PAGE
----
Title: What Goes Up
Artist: Chicago Afrobeat Project
Release date: September 29, 2017
The newest release from the Chicago Afrobeat Project, What Goes Up, builds upon the group’s strong foundation of recordings. The already large ensemble heavily features guest artists on its latest album, including Nigerian afrobeat drummer Tony Allen (who has worked with the legendary Fela Kuti, a pioneer of the genre) as a featured artist on each of the album’s tracks.
The Chicago Afrobeat Project has always drawn heavily from funk-influenced afrobeat styles, and, as the group’s name implies, continues this basic approach on its latest album. The 14-member ensemble features great arrangements for its full horn section on cuts like “Race Hustle,” but moves somewhat outside of traditional afrobeat expectations on other cuts, as on the extended synth intro to “Cut the Infection.” The group incorporates some jazz fusion influences on the polyrhythmic cut “Must Come Down,” interpolating wah wah guitars with African rhythms more typical of the group’s style.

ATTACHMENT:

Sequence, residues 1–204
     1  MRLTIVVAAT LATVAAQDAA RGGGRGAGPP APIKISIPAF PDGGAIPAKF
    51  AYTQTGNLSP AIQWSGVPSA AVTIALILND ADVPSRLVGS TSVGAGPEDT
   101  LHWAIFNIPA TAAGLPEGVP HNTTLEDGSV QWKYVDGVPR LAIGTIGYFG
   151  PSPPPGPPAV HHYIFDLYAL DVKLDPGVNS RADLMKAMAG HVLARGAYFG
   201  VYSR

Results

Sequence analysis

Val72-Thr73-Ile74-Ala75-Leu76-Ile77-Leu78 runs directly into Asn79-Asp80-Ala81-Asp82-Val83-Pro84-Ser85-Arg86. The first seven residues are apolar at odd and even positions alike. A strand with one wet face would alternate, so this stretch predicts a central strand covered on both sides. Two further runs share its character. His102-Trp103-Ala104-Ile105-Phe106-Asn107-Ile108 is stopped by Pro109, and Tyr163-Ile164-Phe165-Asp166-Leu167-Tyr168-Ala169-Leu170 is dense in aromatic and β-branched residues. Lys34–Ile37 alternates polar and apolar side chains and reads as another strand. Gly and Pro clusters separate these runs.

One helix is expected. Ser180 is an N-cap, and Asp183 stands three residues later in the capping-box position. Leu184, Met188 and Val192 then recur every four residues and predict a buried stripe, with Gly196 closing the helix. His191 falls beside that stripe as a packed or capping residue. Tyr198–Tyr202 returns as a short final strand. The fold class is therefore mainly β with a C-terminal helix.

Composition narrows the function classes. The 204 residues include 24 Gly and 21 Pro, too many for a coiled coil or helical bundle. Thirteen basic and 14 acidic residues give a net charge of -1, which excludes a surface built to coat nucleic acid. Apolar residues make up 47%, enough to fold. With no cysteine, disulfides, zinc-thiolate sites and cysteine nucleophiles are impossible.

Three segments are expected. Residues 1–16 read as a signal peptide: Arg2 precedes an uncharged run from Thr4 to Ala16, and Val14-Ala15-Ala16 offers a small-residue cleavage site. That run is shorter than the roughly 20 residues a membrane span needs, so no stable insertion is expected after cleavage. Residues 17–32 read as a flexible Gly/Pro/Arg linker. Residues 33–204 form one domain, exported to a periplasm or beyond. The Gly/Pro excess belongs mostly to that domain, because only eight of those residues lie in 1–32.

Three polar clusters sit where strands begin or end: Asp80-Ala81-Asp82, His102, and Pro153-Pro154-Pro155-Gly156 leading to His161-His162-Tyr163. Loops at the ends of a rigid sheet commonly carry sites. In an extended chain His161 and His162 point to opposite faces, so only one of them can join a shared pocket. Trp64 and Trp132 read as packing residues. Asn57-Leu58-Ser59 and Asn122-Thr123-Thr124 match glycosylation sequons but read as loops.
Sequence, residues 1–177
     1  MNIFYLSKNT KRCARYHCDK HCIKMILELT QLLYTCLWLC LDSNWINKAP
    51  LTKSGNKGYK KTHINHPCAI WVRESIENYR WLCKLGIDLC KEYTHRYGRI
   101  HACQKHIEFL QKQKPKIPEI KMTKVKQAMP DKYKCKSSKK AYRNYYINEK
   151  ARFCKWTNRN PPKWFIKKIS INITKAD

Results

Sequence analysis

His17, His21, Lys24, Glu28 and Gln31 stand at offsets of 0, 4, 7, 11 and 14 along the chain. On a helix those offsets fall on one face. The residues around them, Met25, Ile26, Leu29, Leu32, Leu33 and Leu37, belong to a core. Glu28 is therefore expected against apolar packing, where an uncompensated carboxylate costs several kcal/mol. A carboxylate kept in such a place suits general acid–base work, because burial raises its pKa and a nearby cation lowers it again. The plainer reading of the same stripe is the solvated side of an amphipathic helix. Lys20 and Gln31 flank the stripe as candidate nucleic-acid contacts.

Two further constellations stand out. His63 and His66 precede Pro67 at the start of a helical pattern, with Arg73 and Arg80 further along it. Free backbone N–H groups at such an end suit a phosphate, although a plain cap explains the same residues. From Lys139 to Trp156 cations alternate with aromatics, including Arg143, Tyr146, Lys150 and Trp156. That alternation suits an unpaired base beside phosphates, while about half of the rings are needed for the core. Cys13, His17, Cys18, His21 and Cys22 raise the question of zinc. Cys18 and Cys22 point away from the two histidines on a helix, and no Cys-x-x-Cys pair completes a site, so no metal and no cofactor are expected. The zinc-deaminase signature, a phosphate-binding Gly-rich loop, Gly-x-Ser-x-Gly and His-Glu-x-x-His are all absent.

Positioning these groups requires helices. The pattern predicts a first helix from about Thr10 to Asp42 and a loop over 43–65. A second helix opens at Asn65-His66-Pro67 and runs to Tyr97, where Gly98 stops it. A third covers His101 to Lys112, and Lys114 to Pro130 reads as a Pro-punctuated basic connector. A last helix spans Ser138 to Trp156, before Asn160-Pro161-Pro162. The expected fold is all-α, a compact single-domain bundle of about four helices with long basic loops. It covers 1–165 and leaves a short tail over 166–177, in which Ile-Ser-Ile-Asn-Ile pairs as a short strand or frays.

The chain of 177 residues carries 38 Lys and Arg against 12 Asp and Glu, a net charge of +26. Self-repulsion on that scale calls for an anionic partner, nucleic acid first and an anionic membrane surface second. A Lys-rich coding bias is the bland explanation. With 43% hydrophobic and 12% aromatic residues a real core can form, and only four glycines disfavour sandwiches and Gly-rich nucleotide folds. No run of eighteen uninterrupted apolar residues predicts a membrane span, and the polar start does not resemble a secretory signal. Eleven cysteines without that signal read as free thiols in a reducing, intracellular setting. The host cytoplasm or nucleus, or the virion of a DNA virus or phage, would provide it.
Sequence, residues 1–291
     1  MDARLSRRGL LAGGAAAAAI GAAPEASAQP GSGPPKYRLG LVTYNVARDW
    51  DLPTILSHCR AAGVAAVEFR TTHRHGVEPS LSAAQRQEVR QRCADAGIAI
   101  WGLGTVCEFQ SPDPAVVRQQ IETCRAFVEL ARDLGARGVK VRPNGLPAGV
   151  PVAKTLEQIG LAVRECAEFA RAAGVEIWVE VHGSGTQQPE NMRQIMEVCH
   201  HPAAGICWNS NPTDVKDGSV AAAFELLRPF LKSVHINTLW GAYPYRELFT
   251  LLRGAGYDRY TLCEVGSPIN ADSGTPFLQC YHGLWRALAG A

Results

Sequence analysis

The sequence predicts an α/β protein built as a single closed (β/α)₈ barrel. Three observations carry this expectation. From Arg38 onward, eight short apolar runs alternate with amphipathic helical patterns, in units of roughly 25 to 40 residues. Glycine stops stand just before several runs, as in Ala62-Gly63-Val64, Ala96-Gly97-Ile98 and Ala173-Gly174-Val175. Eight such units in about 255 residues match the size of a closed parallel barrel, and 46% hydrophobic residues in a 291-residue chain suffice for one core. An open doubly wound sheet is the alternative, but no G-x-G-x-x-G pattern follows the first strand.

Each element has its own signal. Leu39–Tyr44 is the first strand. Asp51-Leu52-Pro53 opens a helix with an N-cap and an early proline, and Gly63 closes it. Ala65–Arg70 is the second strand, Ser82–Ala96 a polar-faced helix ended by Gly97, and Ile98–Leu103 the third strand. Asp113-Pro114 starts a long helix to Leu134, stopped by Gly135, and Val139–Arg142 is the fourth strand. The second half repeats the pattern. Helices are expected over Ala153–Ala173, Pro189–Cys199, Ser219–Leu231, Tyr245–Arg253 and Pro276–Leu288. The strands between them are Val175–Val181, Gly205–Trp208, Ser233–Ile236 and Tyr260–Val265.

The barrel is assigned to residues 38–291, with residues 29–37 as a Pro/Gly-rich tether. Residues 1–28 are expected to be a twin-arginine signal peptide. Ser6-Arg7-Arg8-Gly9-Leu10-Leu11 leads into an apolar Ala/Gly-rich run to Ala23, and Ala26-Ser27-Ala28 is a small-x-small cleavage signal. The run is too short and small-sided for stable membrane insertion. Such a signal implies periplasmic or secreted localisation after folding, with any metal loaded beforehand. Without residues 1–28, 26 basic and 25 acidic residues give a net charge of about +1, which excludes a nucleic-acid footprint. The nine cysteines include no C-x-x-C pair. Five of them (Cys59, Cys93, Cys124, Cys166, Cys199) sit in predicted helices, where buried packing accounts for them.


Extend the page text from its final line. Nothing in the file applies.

Unlike the work of afrobeat pioneers like Kuti, the lyrics on What Goes Up tend to be more pop-philosophical than explicitly political, with tracks like “No Bad News” vaguely addressing the importance of ancestors and the evils of corporate pollution, but without finding specific figures to either praise or criticize. “Marker 48” continues in the same vein, arguing that humans cannot continue to exploit the Earth’s resources, but without addressing who is using most of these resources, who benefits most from extraction, or what could be done to change this pattern. This group is at its best on songs like “Afro Party,” when taking more of a celebratory than a critical lyrical tone. It is difficult to level poignant political critique in any kind of music, let alone music this sharply focused on creating textures and grooves. This group puts forth great effort, but ultimately lacks the specificity necessary to compellingly address social issues in most cases.
With that said, the Chicago Afrobeat Project can groove—each track feels great, and there’s exciting rhythms and melodies to go around. This is in large part due to the strength of its members’ musicianship and their strong connections to both afrobeat music and the other genres they incorporate into their approach. For the Chicago Afrobeat Project, the audience is What Goes Up—up out of its seat and onto the dance floor.
Reviewed by Matthew Alley